In June 2017, the White House hosted a “Tech Week” with a focus on determining how the United States could remain one of the world’s tech leaders. Neville Ray, Chief Technology Officer at T-Mobile, said that America could stay in the forefront of technological innovation by developing and deploying 5G networks as soon as possible. Although 5G will take over phones in years and not mere months, the policies that will affect the development and implementation of this new system are already being considered.
You might ask, then, what is 5G and how will it differ from 4G networks? To start, 5G networks will have higher bandwidths, along with increased battery life and advanced interconnectedness between information systems and Internet-connected devices. But like 4G, wireless carriers must upgrade their infrastructures to operate 5G networks functionally on a large-scale. Additionally, for 5G to function, carriers will also need to upgrade their spectrum pipelines. Here, we’ll describe spectrums and consider why they matter in the upcoming 5G roll out.
What is a spectrum?
Wireless communications travel over radio frequencies, which are also known as the spectrum. Each device, from your smartphone to your TV broadcast, uses airwaves to transmit information. These spectrum frequencies are measured in megahertz and can only be transmitted for a certain distance. In wireless communications, different wireless carriers cannot transmit signals at the same spectrum. Additionally, the FCC gives companies rights to use different spectrums, as well as requiring spectrum ranges between 700 MHz and 2.6 GHz.
Spectrum and 5G
When rolled out, 5G networks will use more spectrum than what is currently available. Like in 4G and other wireless generations, 5G will require spectrum bands at multiple bands right away in order to be effective. Some of the spectrum options available currently include millimeter wave spectrum, which has a huge capacity but only a limited range. However, millimeter waves leave rural America out of the technological shift.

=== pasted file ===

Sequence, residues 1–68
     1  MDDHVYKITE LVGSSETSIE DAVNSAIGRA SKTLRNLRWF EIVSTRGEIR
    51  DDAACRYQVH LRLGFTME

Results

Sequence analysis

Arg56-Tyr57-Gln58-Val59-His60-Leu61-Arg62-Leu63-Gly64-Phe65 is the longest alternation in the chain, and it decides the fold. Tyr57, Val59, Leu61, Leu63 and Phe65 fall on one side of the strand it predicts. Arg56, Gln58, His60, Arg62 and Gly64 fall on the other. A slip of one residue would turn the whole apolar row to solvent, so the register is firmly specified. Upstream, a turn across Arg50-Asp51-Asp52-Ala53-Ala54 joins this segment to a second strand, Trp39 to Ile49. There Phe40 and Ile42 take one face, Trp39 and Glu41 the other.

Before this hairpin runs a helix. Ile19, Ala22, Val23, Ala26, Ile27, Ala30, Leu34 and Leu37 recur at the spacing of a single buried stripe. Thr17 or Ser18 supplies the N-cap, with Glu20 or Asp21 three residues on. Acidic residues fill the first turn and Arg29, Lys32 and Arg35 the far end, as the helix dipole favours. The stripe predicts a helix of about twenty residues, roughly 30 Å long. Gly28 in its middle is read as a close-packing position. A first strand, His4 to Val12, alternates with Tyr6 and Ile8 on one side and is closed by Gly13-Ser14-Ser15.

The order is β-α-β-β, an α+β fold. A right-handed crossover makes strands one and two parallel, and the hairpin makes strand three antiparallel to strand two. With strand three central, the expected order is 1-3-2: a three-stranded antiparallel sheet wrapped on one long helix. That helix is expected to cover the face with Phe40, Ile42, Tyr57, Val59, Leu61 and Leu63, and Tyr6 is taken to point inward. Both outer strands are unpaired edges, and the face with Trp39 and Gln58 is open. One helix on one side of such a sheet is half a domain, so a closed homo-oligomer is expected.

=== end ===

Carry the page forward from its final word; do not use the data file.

There are alternatives, however. One is a lower-band spectrum, which operates at 600 MHz and can travel longer distances. Additionally, mid-band spectrum offers medium distance and capacity, while high-band spectrum offers the highest capacity options. Carriers suggest that for 5G to be rolled out successfully over large distances and at a high capacity, they will need to have multiple band levels – from low to high – available from the FCC.
Like we mentioned, the 5G revolution is still several years out. But if you want to get ready now, TTI’s M3S-Cloud can prepare you for the future. Already, we’ve had clients who have stayed with us through several technological revolutions because of our system’s reliability and service, and we offer a future-proof promise that we’ll expertly update your system through the 5G roll out, too. Request a quote for your M3S-Cloud now to prepare for your 5G future today.